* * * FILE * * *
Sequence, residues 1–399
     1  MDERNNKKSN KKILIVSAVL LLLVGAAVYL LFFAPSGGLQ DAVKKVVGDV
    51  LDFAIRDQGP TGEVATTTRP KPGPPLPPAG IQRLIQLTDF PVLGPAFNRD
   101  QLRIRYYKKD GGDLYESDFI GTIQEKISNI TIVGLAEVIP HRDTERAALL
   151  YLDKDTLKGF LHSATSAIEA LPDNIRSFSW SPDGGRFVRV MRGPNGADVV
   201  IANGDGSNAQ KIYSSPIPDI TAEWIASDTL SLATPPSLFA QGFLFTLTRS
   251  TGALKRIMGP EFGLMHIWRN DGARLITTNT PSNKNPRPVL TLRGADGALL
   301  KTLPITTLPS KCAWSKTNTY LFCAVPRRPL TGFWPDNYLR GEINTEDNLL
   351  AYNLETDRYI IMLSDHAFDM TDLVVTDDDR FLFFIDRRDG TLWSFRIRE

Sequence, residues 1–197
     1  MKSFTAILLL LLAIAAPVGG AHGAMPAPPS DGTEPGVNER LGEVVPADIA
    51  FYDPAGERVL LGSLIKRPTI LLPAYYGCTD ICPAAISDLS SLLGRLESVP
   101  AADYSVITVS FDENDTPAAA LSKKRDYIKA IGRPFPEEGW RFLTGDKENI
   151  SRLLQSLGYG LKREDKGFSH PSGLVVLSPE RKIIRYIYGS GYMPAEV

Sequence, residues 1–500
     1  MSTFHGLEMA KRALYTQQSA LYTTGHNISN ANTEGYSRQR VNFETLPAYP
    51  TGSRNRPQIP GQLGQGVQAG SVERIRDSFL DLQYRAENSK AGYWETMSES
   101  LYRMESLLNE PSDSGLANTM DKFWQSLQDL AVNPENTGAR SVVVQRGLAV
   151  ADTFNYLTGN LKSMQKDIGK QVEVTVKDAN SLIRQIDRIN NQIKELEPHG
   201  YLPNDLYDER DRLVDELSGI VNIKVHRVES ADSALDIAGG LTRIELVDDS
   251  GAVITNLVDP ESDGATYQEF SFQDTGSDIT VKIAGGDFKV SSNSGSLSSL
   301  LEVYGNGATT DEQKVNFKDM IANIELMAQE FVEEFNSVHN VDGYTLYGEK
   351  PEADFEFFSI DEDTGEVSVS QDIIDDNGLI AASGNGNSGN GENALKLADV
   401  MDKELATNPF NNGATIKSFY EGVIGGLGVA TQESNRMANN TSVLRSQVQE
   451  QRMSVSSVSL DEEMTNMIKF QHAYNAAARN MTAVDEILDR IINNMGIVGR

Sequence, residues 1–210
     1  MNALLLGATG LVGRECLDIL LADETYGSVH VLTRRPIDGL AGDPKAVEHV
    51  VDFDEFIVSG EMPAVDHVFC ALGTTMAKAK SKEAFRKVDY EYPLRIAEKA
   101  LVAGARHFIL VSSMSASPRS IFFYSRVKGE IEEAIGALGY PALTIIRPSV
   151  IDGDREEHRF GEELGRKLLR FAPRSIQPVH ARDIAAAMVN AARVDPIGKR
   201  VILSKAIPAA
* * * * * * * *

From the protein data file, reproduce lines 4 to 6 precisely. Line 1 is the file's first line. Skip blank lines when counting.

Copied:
   101  QLRIRYYKKD GGDLYESDFI GTIQEKISNI TIVGLAEVIP HRDTERAALL
   151  YLDKDTLKGF LHSATSAIEA LPDNIRSFSW SPDGGRFVRV MRGPNGADVV
   201  IANGDGSNAQ KIYSSPIPDI TAEWIASDTL SLATPPSLFA QGFLFTLTRS